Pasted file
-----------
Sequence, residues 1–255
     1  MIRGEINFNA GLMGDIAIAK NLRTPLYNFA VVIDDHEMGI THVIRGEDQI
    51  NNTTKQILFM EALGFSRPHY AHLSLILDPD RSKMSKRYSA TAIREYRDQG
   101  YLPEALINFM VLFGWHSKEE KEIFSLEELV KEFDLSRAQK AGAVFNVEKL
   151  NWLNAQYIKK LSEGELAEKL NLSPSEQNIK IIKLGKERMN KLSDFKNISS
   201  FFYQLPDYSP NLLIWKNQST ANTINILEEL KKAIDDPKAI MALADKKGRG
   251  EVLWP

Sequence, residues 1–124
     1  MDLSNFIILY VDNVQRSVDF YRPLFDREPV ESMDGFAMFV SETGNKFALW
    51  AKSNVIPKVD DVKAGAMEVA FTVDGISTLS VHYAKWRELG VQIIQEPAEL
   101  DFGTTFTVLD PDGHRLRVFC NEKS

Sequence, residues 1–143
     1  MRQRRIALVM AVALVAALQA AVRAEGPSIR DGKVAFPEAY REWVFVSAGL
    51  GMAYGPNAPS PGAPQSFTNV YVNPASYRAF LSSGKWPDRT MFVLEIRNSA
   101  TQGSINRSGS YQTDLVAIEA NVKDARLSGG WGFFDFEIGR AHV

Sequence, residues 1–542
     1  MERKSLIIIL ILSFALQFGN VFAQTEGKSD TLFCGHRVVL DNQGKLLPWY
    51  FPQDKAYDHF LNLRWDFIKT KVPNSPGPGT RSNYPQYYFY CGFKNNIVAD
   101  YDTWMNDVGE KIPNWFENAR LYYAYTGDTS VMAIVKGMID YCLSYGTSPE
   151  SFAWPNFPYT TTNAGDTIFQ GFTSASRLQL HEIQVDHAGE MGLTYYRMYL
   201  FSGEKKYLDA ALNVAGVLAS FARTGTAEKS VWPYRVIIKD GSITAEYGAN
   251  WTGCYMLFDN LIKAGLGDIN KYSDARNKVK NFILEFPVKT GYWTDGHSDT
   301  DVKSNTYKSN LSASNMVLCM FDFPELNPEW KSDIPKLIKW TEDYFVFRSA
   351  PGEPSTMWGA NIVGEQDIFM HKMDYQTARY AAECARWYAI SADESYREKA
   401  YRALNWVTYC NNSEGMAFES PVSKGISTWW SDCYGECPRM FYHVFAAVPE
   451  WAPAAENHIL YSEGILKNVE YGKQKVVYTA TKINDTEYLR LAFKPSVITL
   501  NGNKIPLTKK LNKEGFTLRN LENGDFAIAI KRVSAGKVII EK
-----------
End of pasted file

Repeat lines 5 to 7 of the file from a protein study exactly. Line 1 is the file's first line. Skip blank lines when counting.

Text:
   151  NWLNAQYIKK LSEGELAEKL NLSPSEQNIK IIKLGKERMN KLSDFKNISS
   201  FFYQLPDYSP NLLIWKNQST ANTINILEEL KKAIDDPKAI MALADKKGRG
   251  EVLWP